Kabir poems translated by rabindranath tagore. Page:One Hundred Poems of Kabir 2022-10-10
Kabir poems translated by rabindranath tagore Rating:
Kabir was a 15th century mystic poet and saint who is revered in India to this day. His poetry, which was written in Hindi, has been translated into many languages, including English, by a variety of scholars and poets. One of the most well-known translations of Kabir's poems was done by Rabindranath Tagore, a Nobel laureate and one of the most celebrated poets and writers in India's history.
Tagore's translations of Kabir's poems bring the mystic's work to a wider audience, allowing readers who may not be familiar with the original Hindi to still experience the depth and beauty of Kabir's poetry. These translations also serve as a testament to Tagore's own poetic prowess, as he was able to capture the essence and spirit of Kabir's poetry while still maintaining its meaning and significance in the English language.
Kabir's poetry is known for its spiritual themes and focus on the divine, and Tagore's translations do justice to this aspect of the poetry. In his translation of "The Weaver," Kabir speaks of the unity of all beings and the interconnectedness of the universe, stating that "all creatures, high and low, are but threads in the eternal loom." Tagore's translation conveys this message with a sense of reverence and awe, bringing the reader closer to the divine through the words of the poem.
In addition to its spiritual themes, Kabir's poetry also deals with issues of social justice and the plight of the marginalized. In "The Beggar," Kabir addresses the issue of class divide and the unequal distribution of wealth and resources in society. Tagore's translation conveys the sense of frustration and anger that Kabir expresses in the original poem, highlighting the injustice of the situation and calling for change.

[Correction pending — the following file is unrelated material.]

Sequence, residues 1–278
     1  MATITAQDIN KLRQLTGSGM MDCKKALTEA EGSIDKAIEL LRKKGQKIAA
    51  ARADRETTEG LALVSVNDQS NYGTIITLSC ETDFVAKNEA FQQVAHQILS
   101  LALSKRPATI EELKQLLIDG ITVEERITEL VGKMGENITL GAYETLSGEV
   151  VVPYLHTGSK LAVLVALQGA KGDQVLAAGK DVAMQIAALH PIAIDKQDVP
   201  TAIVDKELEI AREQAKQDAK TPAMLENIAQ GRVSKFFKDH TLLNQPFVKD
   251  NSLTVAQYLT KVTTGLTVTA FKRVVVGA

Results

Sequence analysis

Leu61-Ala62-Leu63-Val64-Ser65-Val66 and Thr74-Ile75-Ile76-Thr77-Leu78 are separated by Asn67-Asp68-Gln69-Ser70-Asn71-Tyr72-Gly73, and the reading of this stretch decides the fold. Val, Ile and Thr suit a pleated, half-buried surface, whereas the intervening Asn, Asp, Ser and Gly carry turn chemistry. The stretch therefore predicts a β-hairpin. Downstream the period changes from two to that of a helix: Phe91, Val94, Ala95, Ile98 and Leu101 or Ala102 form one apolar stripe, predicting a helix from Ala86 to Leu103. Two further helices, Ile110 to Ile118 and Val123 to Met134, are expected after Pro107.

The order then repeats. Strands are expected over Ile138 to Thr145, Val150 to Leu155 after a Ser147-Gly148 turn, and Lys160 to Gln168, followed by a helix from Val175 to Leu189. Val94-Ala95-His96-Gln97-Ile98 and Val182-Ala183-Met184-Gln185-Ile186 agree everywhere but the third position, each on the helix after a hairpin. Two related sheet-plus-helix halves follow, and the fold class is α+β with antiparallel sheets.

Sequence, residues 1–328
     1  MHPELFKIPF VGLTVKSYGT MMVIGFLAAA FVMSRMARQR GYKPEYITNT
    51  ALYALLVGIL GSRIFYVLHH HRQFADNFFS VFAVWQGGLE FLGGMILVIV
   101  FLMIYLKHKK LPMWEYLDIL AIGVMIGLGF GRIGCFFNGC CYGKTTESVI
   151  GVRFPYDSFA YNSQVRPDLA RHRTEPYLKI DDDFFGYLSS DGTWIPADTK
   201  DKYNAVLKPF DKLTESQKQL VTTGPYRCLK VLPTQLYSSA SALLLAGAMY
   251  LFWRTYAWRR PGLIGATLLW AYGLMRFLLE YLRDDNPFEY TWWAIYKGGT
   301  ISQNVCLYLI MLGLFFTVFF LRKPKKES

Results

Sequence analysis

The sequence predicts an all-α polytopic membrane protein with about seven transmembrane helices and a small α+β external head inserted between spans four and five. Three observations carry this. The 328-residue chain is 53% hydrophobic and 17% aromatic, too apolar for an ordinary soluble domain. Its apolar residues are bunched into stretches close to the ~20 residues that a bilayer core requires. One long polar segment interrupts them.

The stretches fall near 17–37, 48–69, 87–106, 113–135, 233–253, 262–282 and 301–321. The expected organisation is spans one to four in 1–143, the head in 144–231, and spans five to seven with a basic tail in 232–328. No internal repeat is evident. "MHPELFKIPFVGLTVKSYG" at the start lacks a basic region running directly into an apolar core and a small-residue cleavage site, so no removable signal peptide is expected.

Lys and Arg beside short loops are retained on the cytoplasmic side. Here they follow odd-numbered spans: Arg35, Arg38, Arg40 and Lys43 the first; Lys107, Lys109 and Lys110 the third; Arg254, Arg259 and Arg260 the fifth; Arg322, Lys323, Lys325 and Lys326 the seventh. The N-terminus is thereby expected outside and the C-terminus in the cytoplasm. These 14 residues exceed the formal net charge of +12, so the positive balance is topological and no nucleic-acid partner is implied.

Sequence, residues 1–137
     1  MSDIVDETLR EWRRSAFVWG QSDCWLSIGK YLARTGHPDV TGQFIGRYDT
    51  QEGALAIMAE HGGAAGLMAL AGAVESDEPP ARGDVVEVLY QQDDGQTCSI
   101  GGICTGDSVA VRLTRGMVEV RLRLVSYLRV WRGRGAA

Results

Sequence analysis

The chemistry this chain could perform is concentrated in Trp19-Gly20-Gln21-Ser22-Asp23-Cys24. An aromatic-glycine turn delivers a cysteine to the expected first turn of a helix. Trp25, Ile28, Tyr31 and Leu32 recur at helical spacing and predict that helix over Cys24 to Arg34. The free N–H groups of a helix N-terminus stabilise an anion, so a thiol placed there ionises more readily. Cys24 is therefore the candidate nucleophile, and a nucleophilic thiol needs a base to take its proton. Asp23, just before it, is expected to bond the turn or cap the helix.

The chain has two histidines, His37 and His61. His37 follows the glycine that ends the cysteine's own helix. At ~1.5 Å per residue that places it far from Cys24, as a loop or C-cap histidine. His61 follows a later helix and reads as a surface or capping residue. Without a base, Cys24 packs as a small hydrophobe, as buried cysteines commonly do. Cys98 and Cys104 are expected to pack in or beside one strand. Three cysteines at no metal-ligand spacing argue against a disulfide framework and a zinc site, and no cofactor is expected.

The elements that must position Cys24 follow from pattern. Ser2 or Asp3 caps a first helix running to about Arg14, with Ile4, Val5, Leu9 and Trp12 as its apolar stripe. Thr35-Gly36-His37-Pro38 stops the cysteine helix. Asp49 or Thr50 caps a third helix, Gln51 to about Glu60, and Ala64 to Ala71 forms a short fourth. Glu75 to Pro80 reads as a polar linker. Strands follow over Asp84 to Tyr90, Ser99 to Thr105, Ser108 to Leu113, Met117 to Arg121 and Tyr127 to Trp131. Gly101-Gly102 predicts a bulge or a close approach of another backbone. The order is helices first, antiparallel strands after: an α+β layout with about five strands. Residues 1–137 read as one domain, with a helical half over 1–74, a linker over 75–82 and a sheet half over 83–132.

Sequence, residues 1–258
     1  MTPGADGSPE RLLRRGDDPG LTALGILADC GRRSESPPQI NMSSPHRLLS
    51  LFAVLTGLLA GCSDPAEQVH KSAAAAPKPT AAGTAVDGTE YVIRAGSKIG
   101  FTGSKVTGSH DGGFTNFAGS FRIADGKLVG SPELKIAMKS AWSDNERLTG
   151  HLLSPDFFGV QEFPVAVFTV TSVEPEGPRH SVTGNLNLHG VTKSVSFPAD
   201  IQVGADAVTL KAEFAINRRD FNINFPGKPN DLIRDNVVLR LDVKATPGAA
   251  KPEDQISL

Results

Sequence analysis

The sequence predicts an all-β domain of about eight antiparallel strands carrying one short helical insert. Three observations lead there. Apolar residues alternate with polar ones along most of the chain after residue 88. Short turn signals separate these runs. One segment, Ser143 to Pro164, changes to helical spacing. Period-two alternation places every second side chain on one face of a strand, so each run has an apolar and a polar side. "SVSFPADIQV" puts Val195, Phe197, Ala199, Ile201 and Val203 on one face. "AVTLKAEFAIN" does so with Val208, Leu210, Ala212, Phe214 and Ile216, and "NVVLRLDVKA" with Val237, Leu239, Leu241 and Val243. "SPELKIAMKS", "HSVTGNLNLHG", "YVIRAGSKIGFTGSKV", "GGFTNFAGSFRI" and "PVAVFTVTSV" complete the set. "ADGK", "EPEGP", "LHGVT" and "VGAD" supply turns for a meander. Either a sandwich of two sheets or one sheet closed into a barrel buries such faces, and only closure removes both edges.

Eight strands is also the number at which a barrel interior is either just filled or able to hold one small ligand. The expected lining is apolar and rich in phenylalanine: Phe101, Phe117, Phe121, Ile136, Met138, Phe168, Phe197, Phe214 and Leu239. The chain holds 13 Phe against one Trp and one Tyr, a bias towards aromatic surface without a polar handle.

Overall, Tagore's translations of Kabir's poems are a valuable contribution to the world of literature and provide a glimpse into the spiritual and philosophical ideas of a mystic poet who has had a lasting impact on India's cultural and religious landscape.
One Hundred Poems of Kabir Translated by R. Tagore & E. Underhill 1962 Hardcover
It took in Ramanuja's preaching the form of an ardent personal devotion to the God Vishnu, as representing the personal aspect of the Divine Nature: that mystical 'religion of love' which every- where makes its appearance at a certain level of spiritual culture, and which creeds and philosophies are powerless to kill. Francis, that ghostly symphony which filled the soul of Rolle with ecstatic joy. Waver no more, think only of the Beloved; Set not thy heart on the worship of other gods, there is no worth in the worship of other masters. We have also had before us a manuscript English translation of 116 songs made by Mr. The well-known legend of the beautiful courtesan sent by the Brahmans to tempt his virtue, and converted, like the Magdalen, by her sudden encounter with the initiate of a higher love, preserves the memory of the fear and dislike with which he was regarded by the ecclesiastical powers. LVI H E is the real Sadhu, who can reveal the form of the Formless to the vision of these eyes: Who teaches the simple way of attaining Him, that is other than rites or ceremonies: Who does not make you close the doors, and hold the breath, and renounce the world: Who makes you perceive the Supreme Spirit wherever the mind attaches itself: Who teaches you to be still in the midst of all your activities.